The history of lupus
The history of lupus can be divided into three periods: classical, neoclassical, and modern. This article concentrates on developments in the present century which have greatly expanded our knowledge about the pathophysiology, clinical-laboratory features, and treatment of this disorder.
Lupus in the classical period (1230-1856)
The history of lupus during the classical period was reviewed by Smith and Cyr in 1988. Of note are the derivation of the term lupus and the clinical descriptions of the cutaneous lesions of lupus vulgaris, lupus profundus, photosensitive nature of the malar or butterfly rash., and the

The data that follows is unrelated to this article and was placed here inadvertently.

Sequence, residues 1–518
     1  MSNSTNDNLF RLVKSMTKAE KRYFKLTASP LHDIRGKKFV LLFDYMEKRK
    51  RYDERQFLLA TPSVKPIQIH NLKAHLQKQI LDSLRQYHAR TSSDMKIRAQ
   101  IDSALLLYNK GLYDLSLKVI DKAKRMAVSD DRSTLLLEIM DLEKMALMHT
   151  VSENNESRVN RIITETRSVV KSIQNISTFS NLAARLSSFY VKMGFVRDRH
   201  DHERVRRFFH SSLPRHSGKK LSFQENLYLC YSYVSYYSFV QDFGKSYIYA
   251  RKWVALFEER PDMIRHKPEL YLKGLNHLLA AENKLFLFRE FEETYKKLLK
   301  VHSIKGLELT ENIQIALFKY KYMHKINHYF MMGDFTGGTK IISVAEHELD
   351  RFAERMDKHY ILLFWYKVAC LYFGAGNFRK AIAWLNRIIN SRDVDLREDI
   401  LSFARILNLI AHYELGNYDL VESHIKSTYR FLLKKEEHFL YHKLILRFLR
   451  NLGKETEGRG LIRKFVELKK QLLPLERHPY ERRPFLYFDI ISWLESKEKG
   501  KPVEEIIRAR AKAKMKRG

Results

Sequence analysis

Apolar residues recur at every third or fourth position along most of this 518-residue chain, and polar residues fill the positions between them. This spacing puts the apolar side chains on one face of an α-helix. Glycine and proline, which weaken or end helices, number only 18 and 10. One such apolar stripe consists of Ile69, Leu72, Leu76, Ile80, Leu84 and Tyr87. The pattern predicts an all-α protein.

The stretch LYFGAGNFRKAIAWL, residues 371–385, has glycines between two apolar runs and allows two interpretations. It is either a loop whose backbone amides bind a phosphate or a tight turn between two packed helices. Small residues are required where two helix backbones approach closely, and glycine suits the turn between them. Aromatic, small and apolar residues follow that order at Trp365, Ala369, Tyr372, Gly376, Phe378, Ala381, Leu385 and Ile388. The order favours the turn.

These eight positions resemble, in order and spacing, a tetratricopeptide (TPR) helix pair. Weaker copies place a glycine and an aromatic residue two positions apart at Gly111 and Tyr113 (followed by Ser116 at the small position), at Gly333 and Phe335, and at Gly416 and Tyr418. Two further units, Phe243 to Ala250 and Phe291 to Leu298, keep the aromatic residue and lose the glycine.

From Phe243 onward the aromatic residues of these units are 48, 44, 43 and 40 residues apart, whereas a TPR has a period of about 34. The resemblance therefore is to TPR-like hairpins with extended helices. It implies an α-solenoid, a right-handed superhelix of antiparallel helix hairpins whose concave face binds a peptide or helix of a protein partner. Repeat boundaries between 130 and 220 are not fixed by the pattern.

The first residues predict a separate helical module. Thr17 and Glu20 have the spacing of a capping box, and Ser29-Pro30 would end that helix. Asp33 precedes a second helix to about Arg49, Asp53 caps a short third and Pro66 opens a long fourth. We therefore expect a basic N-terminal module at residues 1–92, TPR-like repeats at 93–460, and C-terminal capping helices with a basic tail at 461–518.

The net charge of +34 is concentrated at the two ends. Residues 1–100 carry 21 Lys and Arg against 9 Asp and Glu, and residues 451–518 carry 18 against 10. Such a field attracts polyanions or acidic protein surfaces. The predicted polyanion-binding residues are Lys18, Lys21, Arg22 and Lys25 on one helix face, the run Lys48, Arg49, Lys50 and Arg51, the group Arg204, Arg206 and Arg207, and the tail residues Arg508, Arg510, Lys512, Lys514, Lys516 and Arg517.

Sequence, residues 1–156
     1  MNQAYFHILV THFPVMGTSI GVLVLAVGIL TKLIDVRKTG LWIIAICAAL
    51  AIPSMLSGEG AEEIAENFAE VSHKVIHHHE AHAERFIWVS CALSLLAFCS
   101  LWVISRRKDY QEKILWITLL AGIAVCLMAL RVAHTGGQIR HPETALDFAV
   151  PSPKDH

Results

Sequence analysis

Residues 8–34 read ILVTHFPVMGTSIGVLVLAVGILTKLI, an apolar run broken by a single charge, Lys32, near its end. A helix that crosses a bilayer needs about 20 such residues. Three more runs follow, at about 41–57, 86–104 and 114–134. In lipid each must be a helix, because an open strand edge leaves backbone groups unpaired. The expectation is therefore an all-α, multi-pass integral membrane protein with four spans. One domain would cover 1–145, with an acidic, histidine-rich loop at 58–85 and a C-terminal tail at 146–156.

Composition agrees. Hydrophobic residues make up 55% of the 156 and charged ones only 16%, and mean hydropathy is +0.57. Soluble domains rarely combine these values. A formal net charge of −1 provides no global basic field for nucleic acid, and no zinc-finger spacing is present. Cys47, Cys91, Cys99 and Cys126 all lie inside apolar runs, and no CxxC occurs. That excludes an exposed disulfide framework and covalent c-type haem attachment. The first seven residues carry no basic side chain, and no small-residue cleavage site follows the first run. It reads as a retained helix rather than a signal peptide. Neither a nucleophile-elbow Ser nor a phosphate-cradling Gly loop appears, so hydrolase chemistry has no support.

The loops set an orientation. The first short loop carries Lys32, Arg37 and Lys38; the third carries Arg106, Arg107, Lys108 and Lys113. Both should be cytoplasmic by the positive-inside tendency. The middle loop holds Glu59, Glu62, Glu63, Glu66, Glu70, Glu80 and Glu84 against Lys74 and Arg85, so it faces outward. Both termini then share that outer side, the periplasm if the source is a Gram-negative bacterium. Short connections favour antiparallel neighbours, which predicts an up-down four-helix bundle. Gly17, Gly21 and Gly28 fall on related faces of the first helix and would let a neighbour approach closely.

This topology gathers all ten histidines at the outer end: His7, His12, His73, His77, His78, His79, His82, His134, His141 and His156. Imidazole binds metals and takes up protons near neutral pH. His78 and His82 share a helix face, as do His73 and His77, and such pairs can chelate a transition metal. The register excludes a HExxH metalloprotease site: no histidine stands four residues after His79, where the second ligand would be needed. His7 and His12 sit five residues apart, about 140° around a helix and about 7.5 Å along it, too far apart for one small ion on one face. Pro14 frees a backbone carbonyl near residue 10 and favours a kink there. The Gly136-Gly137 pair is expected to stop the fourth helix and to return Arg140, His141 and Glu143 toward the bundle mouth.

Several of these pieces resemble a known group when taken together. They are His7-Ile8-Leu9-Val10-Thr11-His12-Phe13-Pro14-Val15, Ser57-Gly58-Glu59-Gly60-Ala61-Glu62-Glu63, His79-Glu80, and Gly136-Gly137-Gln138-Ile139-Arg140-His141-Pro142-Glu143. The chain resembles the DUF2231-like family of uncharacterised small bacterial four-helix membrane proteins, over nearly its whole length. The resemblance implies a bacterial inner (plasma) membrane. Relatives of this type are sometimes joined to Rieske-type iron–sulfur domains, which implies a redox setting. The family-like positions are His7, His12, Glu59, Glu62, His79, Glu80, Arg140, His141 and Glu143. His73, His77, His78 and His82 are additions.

The word ‘lupus’ (Latin for ‘wolf’) is attributed to the thirteenth century physician Rogerius who used it to describe erosive facial lesions that were reminiscent of a wolf's bite. Classical descriptions of the various dermatologic features of lupus were made by Thomas Bateman, a student of the British dermatologist Robert William, in the early nineteenth century; Cazenave, a student of the French dermatologist Laurent Biett, in the mid-nineteenth century; and Moriz Kaposi (born Moriz Kohn), student and son-in-law of the Austrian dermatologist Ferdinand von Hebra, in the late nineteenth century.
The lesions now referred to as discoid lupus were described in 1833 by Cazenave under the term “erythema centrifugum,” while the butterfly distribution of the facial rash was noted by von Hebra in 1846. The first published illustrations of lupus erythematosus were included in von Hebra's text, Atlas of Skin Diseases, published in 1856.
Lupus in the neoclassical period (1872- 1948)